Mr. BRICs Says China's Weaker Consumer Means India Needs to Grow
(Bloomberg) -- China’s consumer slowdown is all the more reason why the world needs faster economic growth in India.
That’s according to Jim O’Neill, a former Goldman Sachs Asset Management chair and ex-commercial secretary to the U.K. Treasury, who coined the acronym BRIC in 2001 to describe Brazil, Russia, India and China as a group.
O’Neill says he has been surprised by parts of China’s slowdown from a structural and cyclical perspective, even while noting that his original BRIC forecasts at the turn of the century assumed that China wouldn’t be able to grow much above 5.5 percent from 2021 to 2030.
"I am currently most concerned about the slowdown of the consumer," O’Neill, who is chair of the Chatham House think tank, said in emailed remarks. Retail sales growth slowed to 8.6 percent in October, down from 9.2 percent a month earlier.
And he says that’s one reason why India needs to grow and ease the world’s reliance on growth in the U.S. and China.
"All efforts should be done to help India expand at a faster rate of growth and for it to have closer trade ties with China, and start to grow its own middle classes at the same sort of rate China has done the last 25 to 30 years," O’Neill said.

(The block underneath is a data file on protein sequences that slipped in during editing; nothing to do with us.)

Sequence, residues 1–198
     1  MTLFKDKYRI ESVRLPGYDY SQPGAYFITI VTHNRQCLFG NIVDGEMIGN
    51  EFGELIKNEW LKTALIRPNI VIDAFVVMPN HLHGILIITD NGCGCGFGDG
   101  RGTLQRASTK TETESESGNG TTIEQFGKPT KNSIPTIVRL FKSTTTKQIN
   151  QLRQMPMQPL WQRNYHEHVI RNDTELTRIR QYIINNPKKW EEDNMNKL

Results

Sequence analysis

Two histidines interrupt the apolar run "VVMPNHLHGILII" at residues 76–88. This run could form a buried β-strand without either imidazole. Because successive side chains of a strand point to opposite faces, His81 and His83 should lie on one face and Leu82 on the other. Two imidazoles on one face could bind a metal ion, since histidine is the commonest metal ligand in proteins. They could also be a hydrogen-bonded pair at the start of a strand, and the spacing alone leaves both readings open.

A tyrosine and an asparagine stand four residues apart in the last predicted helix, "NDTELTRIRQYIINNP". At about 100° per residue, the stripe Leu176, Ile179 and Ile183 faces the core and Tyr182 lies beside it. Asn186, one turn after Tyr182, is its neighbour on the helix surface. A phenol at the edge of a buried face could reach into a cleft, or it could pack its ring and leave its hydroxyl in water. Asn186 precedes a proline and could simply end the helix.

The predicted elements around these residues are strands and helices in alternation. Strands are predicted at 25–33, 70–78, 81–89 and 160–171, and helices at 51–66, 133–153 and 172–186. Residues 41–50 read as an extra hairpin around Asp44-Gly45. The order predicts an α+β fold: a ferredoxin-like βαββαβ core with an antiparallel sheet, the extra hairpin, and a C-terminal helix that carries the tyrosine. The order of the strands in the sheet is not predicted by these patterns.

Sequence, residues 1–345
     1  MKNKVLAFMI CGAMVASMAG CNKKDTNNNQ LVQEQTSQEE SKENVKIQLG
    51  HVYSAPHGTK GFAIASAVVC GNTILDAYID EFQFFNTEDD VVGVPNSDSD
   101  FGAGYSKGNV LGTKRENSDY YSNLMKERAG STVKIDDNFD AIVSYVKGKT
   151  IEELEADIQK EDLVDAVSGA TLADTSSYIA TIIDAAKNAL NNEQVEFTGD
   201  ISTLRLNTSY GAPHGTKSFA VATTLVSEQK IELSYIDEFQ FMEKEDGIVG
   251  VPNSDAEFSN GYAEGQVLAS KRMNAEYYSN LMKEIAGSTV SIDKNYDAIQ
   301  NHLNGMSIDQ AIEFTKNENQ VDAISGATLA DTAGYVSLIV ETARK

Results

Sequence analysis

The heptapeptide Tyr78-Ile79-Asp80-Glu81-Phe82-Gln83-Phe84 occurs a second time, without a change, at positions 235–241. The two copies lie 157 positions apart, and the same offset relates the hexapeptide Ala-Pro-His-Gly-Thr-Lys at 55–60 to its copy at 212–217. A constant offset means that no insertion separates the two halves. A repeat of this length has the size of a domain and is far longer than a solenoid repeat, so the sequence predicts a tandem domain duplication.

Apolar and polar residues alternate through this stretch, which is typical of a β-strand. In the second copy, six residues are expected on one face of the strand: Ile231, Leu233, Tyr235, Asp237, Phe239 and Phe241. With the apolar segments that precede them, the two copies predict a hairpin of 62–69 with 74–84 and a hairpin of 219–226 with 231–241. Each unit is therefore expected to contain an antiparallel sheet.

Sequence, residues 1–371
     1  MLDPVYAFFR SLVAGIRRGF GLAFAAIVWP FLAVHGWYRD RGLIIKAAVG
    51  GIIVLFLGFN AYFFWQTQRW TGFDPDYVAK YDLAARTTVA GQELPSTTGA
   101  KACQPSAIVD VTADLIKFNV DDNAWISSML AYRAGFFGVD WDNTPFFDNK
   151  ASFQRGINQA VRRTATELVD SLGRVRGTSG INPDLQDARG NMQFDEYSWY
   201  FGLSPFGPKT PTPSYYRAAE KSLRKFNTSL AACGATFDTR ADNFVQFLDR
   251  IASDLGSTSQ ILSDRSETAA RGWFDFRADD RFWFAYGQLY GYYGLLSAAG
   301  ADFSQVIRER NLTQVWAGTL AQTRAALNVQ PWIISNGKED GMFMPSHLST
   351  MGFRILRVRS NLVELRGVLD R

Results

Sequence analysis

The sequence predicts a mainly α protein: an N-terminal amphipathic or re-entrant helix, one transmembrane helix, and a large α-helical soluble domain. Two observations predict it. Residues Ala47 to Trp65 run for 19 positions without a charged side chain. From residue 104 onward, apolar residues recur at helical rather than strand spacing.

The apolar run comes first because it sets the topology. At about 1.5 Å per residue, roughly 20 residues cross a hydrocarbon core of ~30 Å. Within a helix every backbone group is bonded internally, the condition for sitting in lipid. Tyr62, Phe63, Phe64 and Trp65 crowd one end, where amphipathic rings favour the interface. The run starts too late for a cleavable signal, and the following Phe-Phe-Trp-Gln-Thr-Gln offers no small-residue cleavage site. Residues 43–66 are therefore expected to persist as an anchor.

India could also gain from President Xi Jinping’s signature Belt and Road Initiative -- the roll out of which hasn’t gone well, according to O’Neill -- if China allowed other major Asian economies to play a greater role in it.
While O’Neill needs fresh evidence that China’s consumer base is growing more strongly and the middle class is expanding, he remains overall upbeat on the world’s second largest economy.
"China’s ongoing development is, quite simply, the most important economic development in the world."
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